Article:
Hands on: Sony RX100 IV and RX10 II

July 3rd, 2015 | by Wilson Wong
Hands on: Sony RX100 IV and RX10 II

RX Series Lineup

All good things come to an end, they say. That’s not the case yet for Sony’s much-fancied RX100 compact camera and the RX10 bridge camera.

The RX100, now in its fourth iteration, and RX10 in its second generation, have improved yet again and I came away pretty impressed yesterday at a Sony media event here in Singapore.

The previous iteration of  both cameras has garnered quite a following thanks to their image quality. This despite two cameras being armed with “just” a 1-inch sensor.

The updated versions will wow users all the same, going by what I saw. Sony hasn’t just slapped on a new model number here and updated the firmware, that’s for sure.

Both cameras are given new sensors. The RX10 II gets a 20.2-megapixel part and the RX100 IV now shoots at 20.1 megapixels.

There’s also a new high-contrast XGA OLED Tru-Finder viewfinder and an upgraded auto-focus system.

Most of the physical attributes such their size, controls and lenses remain unchanged. The RX100 retains its f1.8 – 2.8 maximum aperture and 8.8 – 25.7mm focal length (equivalent to full frame 24 – 70mm). The RX10 is constant at f2.8 and 8.8 – 73.3mm (equivalent to 24 – 200mm).

DSC-RX100M4 Lifestyle (1)

The RX100 IV comes with a flip-up rear screen for easy selfies.

Sony is the first company to split up the sensor array and the signal transmission circuitry into two layers and add a new DRAM memory chip as the third layer onto the sensor.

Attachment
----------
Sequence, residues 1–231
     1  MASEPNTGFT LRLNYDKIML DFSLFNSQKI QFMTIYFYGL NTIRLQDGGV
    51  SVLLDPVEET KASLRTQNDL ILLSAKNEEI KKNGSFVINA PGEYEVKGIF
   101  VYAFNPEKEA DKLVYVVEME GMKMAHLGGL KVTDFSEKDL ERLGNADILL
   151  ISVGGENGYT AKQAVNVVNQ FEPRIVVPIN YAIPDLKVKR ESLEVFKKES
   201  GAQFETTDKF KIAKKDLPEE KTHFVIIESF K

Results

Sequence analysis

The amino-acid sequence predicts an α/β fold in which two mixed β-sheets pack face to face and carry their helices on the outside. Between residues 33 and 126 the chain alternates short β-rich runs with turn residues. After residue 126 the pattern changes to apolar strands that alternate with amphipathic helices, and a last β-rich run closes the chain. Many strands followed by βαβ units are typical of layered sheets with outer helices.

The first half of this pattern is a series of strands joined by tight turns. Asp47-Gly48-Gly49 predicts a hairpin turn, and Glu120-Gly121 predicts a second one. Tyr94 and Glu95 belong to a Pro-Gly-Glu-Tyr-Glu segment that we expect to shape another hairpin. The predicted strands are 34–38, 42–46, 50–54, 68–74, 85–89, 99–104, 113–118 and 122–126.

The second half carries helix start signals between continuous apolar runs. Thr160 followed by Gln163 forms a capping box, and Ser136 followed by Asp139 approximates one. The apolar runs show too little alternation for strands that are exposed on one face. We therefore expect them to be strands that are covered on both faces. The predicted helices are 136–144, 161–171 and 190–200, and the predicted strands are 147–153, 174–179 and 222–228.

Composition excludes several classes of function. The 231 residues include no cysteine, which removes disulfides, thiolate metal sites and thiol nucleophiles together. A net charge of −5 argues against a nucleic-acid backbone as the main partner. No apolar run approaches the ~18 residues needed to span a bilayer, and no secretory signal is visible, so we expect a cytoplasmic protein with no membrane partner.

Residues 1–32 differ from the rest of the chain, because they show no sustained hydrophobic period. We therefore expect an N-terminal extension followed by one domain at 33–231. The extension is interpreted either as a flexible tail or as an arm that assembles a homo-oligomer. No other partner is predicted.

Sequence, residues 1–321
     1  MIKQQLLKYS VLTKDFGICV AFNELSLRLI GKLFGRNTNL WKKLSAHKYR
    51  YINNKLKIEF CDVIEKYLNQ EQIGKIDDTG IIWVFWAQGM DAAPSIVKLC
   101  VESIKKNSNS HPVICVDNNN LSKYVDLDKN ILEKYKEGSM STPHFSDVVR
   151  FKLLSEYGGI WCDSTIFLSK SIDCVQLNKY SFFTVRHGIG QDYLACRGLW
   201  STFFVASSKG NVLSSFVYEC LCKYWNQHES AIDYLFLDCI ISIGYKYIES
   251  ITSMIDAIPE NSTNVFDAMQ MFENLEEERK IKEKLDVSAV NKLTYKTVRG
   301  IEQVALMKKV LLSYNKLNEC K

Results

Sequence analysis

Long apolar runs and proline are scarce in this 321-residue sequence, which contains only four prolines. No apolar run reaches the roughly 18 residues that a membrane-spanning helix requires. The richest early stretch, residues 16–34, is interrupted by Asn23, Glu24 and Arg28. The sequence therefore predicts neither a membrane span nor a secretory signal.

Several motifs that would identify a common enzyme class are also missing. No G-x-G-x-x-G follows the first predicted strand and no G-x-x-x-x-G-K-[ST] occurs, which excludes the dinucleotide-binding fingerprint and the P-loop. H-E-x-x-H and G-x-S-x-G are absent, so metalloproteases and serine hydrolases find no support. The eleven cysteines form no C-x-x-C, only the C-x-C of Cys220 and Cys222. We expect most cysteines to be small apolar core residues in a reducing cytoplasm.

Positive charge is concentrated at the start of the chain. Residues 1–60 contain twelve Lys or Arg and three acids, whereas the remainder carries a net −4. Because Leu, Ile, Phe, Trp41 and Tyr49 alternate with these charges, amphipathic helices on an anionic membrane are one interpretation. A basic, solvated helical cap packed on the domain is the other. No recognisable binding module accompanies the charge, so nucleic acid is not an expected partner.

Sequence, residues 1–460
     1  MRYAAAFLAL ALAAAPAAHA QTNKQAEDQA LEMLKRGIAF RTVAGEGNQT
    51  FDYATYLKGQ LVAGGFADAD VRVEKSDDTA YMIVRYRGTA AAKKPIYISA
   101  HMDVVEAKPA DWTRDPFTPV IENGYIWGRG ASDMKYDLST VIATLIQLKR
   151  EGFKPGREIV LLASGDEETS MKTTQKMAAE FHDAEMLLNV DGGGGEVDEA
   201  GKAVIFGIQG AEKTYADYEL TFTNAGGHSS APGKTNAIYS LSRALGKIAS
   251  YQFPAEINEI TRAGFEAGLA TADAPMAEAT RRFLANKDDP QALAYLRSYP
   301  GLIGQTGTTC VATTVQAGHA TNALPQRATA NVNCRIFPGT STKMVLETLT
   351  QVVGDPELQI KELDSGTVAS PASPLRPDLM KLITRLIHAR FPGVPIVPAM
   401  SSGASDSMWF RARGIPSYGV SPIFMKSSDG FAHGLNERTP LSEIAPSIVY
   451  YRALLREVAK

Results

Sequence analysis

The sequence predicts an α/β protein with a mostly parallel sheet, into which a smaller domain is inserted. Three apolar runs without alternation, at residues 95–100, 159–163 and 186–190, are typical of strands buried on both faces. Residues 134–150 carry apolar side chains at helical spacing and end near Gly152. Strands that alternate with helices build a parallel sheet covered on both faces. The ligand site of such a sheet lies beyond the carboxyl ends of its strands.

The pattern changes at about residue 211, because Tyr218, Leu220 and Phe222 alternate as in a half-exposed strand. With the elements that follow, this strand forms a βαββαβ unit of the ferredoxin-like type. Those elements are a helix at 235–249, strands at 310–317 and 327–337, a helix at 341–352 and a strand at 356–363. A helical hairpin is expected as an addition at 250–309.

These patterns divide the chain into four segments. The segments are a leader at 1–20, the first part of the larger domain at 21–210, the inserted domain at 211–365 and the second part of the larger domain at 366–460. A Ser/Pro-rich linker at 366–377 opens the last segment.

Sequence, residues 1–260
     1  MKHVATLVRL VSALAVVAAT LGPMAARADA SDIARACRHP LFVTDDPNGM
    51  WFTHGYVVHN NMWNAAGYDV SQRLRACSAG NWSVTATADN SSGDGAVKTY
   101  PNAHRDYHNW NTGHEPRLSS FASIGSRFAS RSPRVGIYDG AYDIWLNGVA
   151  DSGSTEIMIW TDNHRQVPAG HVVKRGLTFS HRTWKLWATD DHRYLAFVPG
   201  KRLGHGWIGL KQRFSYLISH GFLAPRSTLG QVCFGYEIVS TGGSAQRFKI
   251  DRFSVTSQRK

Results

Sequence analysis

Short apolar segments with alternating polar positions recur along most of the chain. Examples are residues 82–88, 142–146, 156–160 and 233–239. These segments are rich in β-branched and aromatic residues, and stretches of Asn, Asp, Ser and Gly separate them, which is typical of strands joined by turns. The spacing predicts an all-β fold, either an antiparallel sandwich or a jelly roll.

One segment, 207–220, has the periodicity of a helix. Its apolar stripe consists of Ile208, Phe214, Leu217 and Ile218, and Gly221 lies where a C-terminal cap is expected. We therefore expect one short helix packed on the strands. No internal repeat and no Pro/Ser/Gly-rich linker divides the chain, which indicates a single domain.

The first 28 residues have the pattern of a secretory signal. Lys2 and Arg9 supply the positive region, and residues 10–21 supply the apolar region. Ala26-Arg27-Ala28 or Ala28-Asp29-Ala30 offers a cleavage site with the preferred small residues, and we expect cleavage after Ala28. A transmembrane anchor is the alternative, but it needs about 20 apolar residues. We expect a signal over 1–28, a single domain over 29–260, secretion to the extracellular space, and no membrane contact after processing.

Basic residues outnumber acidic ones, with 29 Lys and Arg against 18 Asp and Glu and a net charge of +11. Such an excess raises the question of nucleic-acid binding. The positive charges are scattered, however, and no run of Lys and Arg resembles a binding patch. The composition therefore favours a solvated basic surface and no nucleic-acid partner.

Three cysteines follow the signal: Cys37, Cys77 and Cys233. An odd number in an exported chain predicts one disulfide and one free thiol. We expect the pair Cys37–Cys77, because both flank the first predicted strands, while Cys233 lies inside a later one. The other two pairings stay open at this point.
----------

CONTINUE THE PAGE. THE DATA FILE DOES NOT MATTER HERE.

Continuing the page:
These three layers are bonded together in a single sensor chip creating the first ever ‘stacked’ 1-inch  Exmor RS CMOS sensor.

According to Sony, the result is five times faster transfer of data from the sensor to the Bionz processor. This gives the new RX100 and RX10 a boost in capabilities such as capturing 4K videos and super slow motion video capture at 1,000 frames per second.

The faster sensor also means that still images can be captured at the maximum shutter speed at 1/32000 of a second – at 16 frames per second for RX100 IV and 14fps for RX10 II.

The shots from yesterday’s event (below) show how fast the camera can “freeze” the water. This is the moment when the the pin pricks the rubber membrane of the balloon.



What’s also impressive is the improved auto-focus with a focus response of just 0.09 seconds. Plus, there’s a new OLED Tru-Finder viewfinder that will help in unusual situations.

With their help, I was able to clearly and quickly get a focus even when the LED continuous lighting panel was shining straight into the lens.

During the short time I had with both cameras, the petite RX100 IV did not win me over as much as the RX10 II, even though both cameras performed extremely well during the short tests.

I find that holding and changing the settings on the RX10 II was much easier since it mimics a digital SLR camera without the weight associated with a heavy f2.8 lens. I’d need – and want – more tests for sure.

The Sony RX100 IV is out from July 16 for S$1,399. The RX10 II will only be in the stores from July 30 for S$1,899.



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